Flinders Yunggorendi

Auntie Josie

I didn’t realize, until it was pointed out to me, that the Flinders University logo is problematic among the Aboriginal community. It’s the image of the sailing ship, of course, and all that symbol has come to mean in terms of colonisation and dispossession, echoing to today’s need for reconciliation and ‘closing the gap’.

But yesterday I discovered that the word Yunggorendi is more than the Aboriginal name for the ‘First Nations Centre for Higher Education and Research’. It is a Kaurna word for university. And it means, ‘to impart knowledge, to communicate, to inform’. From a Kaurna perspective, knowledge lies sleeping in the land. So I get the picture of education as creating awareness of the knowledge that is already there, waiting to be awoken – not so far removed from Flinders and ‘The Investigator’.

This is what Yunggorendi says about its values on the Flinders website:

The name Yunggorendi was given to the Centre by Kaurna people, traditional owners of the lands and waters on which the Bedford Park Campus of Flinders University is situated. The values by which Yunggorendi conducts our affairs are framed from our name and core purpose – ‘to impart knowledge, to communicate, to inform’ in and through higher education:

  • Respect – for First Nations Peoples’ knowledge systems.
  • Commitment – to ourselves and others to explore and define the depths of knowledge locally and globally, to enable us to re-enrich ourselves, to know who we are, to know where we came from and to claim our place in the future.
  • Empowerment – of the descendants of Indigenous Australian people to claim and develop their cultural heritage and to broaden and enhance their knowledge base so as to be able to face with confidence and dignity the challenges of the future.
  • Reciprocity – as a guiding principle of sovereignty, reconciliation and nation-building.
  • Inclusiveness – of the aspirations of our students, staff and Communities for the purposes of positive transformation of Indigenous social, political and economic life and well-being.
  • Collaboration – in culturally safe environments to serve the needs of Indigenous peoples, their Communities and the broader community.
  • Interconnectedness – by recognising that our collective future involves connectedness, relatedness and synergies, where sharing and trust are critical to pathways by which knowledge and understanding within, between and across communities of interest can be fostered.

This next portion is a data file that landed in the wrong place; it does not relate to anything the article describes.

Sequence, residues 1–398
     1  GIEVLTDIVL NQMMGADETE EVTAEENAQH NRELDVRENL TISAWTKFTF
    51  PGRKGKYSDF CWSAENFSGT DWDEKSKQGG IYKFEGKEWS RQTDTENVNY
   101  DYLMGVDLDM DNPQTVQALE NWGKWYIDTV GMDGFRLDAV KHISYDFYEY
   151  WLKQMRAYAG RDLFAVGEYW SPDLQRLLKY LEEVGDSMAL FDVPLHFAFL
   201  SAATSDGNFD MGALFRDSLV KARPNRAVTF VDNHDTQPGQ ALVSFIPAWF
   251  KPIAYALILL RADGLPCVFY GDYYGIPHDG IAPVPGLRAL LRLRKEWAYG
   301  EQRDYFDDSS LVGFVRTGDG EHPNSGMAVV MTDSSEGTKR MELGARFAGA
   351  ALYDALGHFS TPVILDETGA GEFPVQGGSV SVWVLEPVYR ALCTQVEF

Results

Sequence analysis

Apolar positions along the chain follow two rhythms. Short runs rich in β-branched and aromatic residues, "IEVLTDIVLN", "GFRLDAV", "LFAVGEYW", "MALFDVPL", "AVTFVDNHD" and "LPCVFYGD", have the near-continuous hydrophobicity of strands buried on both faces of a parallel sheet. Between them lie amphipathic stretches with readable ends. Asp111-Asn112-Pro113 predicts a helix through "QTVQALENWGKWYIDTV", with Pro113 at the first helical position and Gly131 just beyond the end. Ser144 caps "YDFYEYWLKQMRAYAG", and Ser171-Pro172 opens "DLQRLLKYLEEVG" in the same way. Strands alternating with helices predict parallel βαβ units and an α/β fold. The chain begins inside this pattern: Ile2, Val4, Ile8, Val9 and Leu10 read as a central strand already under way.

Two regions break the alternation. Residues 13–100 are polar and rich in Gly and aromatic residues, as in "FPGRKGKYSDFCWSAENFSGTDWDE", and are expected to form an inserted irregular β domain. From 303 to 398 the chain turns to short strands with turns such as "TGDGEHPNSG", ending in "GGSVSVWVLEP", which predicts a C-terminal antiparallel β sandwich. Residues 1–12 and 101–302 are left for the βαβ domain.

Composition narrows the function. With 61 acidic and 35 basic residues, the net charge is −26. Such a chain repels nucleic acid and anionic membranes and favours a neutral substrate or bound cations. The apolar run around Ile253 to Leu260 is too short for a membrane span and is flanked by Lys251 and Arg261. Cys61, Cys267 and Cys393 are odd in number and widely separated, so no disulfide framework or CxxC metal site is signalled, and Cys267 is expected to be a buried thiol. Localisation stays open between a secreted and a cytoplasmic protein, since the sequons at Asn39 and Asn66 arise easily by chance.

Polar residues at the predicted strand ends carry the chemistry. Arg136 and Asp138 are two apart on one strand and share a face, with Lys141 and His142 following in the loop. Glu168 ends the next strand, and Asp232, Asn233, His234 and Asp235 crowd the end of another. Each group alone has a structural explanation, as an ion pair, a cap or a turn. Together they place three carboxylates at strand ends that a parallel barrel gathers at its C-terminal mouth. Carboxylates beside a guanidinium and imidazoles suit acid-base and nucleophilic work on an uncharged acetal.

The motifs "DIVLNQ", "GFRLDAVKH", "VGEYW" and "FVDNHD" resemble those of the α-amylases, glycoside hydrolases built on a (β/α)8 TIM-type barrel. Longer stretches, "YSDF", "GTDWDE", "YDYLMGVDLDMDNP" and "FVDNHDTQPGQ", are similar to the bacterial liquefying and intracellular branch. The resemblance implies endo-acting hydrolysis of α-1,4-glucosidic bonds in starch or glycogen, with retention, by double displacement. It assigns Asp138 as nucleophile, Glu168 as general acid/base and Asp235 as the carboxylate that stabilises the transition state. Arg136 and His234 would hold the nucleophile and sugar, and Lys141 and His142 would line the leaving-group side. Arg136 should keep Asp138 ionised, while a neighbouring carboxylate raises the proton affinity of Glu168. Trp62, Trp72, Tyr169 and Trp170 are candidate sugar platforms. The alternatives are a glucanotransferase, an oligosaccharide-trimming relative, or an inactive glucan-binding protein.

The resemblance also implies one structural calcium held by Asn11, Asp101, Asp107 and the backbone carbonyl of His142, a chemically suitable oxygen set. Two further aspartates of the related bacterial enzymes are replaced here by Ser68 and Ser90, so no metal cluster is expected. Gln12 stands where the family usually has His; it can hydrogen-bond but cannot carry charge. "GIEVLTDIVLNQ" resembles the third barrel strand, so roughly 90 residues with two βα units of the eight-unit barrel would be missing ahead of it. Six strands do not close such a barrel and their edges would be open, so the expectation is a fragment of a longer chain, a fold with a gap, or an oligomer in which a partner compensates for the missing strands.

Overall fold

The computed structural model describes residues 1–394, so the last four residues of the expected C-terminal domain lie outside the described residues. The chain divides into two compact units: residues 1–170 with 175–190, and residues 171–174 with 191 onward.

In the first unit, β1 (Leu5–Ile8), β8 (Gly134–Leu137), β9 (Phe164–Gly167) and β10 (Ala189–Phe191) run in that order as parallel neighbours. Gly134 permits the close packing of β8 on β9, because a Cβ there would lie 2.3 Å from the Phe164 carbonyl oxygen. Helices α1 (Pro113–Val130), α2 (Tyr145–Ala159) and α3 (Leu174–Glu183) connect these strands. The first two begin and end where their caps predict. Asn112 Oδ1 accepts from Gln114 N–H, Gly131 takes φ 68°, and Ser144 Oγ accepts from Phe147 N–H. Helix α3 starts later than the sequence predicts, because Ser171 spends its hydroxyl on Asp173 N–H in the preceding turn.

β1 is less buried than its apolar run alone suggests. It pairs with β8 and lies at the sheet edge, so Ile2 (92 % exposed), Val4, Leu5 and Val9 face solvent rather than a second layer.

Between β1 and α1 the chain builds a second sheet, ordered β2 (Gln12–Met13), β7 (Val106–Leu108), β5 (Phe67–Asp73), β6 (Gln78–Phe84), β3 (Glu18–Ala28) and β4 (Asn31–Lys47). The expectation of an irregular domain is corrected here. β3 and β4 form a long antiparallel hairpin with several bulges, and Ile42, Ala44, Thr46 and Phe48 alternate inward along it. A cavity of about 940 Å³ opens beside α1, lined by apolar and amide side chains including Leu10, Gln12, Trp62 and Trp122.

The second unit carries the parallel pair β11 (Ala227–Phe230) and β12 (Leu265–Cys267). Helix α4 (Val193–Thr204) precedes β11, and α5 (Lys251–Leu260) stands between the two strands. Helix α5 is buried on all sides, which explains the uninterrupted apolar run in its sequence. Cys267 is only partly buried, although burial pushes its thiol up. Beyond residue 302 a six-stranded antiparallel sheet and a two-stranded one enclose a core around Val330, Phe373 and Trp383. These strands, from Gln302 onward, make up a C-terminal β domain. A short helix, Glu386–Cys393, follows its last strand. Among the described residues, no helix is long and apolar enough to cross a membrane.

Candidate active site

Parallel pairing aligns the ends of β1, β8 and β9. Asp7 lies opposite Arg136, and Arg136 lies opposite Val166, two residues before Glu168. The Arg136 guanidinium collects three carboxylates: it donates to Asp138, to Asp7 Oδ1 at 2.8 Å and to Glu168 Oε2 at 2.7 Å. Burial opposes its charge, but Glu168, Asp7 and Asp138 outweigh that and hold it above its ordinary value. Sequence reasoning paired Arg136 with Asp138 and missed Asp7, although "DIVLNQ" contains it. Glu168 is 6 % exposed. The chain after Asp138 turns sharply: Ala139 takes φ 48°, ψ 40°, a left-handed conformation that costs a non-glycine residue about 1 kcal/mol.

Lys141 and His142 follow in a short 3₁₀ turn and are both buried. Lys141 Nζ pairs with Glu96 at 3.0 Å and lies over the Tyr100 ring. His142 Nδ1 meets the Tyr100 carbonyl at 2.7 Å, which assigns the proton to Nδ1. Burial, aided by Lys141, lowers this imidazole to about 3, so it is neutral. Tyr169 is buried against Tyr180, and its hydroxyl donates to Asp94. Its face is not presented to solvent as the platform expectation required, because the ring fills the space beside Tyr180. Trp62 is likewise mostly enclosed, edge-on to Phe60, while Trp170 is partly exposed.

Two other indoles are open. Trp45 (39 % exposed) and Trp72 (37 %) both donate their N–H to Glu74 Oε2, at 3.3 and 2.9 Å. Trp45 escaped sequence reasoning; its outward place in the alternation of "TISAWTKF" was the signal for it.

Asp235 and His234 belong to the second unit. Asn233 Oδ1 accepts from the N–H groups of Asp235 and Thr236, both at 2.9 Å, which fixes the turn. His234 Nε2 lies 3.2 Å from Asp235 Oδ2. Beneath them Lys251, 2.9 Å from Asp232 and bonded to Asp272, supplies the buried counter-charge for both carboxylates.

• Integrity – through transparency, commitment and high standards.
  • Generosity of spirit – through a desire to share joy, knowledge and insights with others.
  • Creativity – by drawing upon human and non-human spirit, emotion, intellect and physical capability to find solutions, seize upon opportunities and create gifts for the world.


These are values Oasis would also affirm.

In the ‘old Oasis’ the entrance foyer was designed to ‘say’ that everyone who entered was on Kaurna land – as is said in acknowledgements before public meetings. The facing blue wall represented sky, the side yellow walls represented sun and the burned-orange floor the red sands of the desert. All five paintings on the wall were Aboriginal.

Most people who entered were probably not aware of this symbolism, but we hoped Aboriginal people would get it, and feel at home.

But this intention was not just to pay respects to the original and continuing custodians of the land.

All religions are imports! So religious leaders themselves ought to acknowledge the secondary place of their religions with respect to the indigenous religions of the land. It is a matter of humility among religions, and justice and respect for others. We all stand on Aboriginal land and that should contextualize our own faiths!

The ‘new Oasis’ will need to give priority to Aboriginal culture and engender humility among its users.

And maybe the University might change its title from Flinders University to Flinders Yunggorendi, to reflect that priority.

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